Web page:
Alcohol, known for having disinfectant properties, has been frequently used to keep hands free of bacteria and viruses. At the same time, however, disinfection with alcohol deprives skin of oil and water and can result in rough hands if done in excess.

Over-washing hands with chemical substances, meanwhile, gives rise to skin irritation problems. When skin's normal barrier function is disrupted, it becomes more vulnerable to irritation and roughens further.

Excessively using alcohol-based sanitizers and washing hands could remove "normal bacterial flora" that coat the skin and fend off invasion of pathogenic agents such as a norovirus.

Overreliance on hand sanitizers may increase risk of coronavirus infection

Additionally, hand sanitizers, much like surface disinfectants, are relatively ineffective against various pathogens unless soap and water are used to clean the hands first, especially where the germ is encased in mucus from the nose or mouth.

Researchers in Japan examining the effectiveness of sanitizers against seasonal influenza A virus looked at how antiseptic hand-rubbing methods affected mucus on the hands and fingers of volunteers.

They found the virus remained active after the volunteers rubbed their hands with the sanitizer for a full two minutes.

In fact, the virus was not completely inactivated until four minutes of hand rubbing.

However, when volunteers practiced antiseptic handwashing, they were able to inactivate the virus in 30 seconds.

Although researchers had expected the virus in mucus to be resistant to hand sanitizers, they found the protective effect of mucus was stronger than they had realized.

They believe the study suggests there may be room for improvement in current hand hygiene.

Hand Sanitizers Provide Limited Protection Against the Flu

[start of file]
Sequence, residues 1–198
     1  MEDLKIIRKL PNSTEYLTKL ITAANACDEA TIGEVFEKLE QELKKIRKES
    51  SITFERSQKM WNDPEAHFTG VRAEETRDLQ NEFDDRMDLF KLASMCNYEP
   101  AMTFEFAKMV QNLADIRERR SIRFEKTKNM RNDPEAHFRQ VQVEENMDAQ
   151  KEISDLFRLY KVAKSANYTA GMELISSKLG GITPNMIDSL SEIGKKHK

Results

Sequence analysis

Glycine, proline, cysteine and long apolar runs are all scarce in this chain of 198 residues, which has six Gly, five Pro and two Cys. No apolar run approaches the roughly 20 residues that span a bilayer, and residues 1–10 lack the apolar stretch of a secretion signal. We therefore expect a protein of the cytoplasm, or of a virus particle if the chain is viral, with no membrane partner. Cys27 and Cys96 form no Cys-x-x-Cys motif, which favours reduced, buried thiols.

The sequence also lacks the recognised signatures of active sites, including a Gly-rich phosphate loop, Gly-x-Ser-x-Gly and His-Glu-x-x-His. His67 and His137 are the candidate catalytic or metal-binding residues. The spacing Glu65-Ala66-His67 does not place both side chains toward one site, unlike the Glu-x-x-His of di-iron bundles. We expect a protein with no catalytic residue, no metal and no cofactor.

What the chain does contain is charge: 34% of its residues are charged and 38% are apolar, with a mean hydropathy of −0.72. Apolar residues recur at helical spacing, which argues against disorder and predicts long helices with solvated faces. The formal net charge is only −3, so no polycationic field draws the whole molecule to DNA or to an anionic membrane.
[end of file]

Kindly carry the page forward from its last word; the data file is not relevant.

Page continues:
Tips for Safe and Effective Hand Sanitizer Use

Think of hand sanitizer like surface disinfectants.

  • You should wash your hands thoroughly with soap and water prior to use to ensure efficacy.
  • Overuse is toxic and can lead to health issues.
  • The products have a specific laytime--typically 20 to 30 seconds, and;
  • Various application methods have their pros and cons--gels are cheap and easy to apply, foam tends to stick to the hands better, but liquid applications are easier to spread thoroughly over the hands.


References & Resources



The COVID-19 outbreak has led to unsafe behaviors involving cleaning and antiseptic products, resulting in hospitalizations and needless death.

Overuse and incorrect application by facility occupants can be overcome through training, signage, and other forms of messaging.

Certain types of hand sanitizer products are better than others, depending on facility preference and occupant age.

Outsourcing your facility's infection prevention and control procedures will significantly improve occupant health and safety while ensuring the highest standards of facility cleanliness and hygiene.

If you would like more information regarding the effectiveness of high-performance infection prevention and control measures, or if you would like to schedule a free, no-obligation onsite assessment of your facility's custodial needs, contact us today for a free quote!

In Bakersfield CA, call (661) 437-3253

In Fresno CA, call (559) 206-1059

In Valencia CA, or Santa Clarita CA, call (661) 437-3253

In Palmdale CA, or Lancaster CA, call (661) 371-4756